The U.S. government has announced that it will be further tightening its restrictions on Huawei. The Chinese company already has various trade restrictions placed on it and the U.S. government will be expanding on it to prevent Huawei from getting chips without a special license. The restriction will also include chips that are made by non-U.S. firms but which rely on technology or machinery sourced from the country. The U.S. government had amended its export rules in May this year to prevent Huawei from fabricating its chips in TSMC's foundries.
Additionally, the U.S. government will be adding 38 of Huawei's affiliates across 21 countries to its blacklist. This will bring the total banned affiliates to 152 since the initial ban was announced in May last year.
Huawei had been going through third parties to get its hands on chips. The latest move from the U.S. government is a step to put a stop on such "evasive measures" by the company. "The new rule makes it clear that any use of American software or American fabrication equipment is banned and requires a license,” said Commerce Secretary Wilbur Ross. Mike Pompeo, Secretary of State, noted that Huawei has been continuously trying to evade the restrictions imposed on it. The new restrictions will be applicable effective immediately.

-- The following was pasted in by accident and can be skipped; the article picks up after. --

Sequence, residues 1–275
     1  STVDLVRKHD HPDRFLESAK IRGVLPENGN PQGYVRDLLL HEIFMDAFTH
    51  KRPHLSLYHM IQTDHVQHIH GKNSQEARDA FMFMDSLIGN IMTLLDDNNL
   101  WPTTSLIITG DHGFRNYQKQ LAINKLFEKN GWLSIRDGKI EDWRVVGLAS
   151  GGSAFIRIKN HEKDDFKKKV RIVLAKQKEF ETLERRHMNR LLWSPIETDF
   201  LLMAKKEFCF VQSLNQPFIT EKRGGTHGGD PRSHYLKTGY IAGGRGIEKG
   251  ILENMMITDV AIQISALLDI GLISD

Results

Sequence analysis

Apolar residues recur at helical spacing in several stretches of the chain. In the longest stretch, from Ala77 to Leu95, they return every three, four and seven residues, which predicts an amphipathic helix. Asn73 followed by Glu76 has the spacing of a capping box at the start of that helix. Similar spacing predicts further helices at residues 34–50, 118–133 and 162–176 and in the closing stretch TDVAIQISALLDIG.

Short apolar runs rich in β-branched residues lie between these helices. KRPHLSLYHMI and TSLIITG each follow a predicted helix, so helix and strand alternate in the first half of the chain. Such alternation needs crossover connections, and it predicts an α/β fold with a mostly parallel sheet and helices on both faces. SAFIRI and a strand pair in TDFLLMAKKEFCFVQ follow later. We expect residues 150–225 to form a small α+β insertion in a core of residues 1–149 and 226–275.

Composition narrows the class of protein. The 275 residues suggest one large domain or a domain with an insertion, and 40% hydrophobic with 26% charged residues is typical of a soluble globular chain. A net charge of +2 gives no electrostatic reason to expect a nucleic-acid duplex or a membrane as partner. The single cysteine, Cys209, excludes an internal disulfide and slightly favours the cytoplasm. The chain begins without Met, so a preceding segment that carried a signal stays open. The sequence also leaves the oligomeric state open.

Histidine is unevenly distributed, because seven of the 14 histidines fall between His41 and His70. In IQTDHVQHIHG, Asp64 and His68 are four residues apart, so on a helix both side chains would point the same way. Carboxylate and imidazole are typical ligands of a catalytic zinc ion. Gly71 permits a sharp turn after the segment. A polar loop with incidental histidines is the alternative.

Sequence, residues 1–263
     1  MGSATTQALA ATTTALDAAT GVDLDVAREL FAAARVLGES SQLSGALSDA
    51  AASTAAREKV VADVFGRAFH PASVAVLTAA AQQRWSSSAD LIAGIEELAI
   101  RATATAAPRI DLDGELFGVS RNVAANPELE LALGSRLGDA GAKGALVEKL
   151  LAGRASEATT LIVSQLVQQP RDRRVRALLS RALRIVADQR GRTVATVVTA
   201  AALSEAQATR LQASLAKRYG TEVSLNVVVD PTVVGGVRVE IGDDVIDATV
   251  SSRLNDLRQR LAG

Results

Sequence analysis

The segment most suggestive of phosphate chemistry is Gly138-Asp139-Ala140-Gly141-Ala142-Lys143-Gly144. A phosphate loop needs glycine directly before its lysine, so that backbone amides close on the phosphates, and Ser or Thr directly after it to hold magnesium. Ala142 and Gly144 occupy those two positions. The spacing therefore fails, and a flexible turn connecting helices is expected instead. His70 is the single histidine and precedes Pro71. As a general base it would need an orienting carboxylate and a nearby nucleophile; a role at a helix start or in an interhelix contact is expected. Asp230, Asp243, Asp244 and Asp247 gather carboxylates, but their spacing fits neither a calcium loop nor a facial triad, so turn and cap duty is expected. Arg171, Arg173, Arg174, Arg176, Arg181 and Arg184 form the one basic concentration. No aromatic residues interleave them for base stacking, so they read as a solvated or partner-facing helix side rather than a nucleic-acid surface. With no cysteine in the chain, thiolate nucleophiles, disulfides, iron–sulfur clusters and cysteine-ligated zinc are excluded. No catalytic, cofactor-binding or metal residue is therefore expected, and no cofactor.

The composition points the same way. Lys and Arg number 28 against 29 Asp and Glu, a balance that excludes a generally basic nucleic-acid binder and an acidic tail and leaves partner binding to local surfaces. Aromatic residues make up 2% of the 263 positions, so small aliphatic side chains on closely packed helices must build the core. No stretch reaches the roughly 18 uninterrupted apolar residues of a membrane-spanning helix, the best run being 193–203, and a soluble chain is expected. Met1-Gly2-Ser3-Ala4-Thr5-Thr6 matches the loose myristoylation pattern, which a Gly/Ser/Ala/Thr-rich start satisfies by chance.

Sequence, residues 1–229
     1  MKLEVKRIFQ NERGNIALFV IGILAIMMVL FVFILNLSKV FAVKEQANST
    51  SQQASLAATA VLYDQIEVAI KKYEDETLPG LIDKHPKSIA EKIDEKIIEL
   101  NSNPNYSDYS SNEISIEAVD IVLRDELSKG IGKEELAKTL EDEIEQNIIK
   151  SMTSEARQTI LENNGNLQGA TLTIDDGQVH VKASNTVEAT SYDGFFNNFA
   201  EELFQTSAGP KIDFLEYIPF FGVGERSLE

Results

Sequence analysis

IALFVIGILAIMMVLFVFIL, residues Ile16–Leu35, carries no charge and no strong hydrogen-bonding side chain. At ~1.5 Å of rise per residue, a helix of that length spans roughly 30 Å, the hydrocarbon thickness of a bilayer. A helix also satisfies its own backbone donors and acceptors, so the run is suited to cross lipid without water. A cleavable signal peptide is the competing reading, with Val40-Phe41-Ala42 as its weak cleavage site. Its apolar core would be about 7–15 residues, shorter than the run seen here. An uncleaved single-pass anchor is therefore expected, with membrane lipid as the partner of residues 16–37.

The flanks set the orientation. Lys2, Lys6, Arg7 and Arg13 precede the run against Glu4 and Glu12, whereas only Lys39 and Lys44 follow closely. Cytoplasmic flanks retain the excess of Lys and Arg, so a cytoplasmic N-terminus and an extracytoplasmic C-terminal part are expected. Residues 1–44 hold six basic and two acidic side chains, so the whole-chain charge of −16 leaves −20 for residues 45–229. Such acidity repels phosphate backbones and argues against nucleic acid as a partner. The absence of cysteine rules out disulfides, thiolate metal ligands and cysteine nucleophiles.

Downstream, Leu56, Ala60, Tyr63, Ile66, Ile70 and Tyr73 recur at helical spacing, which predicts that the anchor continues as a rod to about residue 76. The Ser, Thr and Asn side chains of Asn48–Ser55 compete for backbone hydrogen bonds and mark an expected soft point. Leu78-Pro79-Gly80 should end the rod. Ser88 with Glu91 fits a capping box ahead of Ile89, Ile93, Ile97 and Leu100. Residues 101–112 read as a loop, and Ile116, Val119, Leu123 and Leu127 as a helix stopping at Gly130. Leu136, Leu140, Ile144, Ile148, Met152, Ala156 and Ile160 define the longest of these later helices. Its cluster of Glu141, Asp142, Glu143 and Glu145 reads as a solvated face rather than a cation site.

A new rule was also passed by the U.S. government which requires companies on the economic blacklist to get a special license when a banned company like Huawei acts "as a purchaser, intermediate consignee, ultimate consignee, or end user.”
The Commerce Department also confirmed that the temporary general license granted to Huawei, which expired last week, will not be renewed. This license allowed Huawei to update its existing Android devices and support its networking equipment used by rural telecommunications companies. However, there will be a limited permanent authorization provided to Huawei entities so that it can continue to maintain the security and reliability of its existing equipment.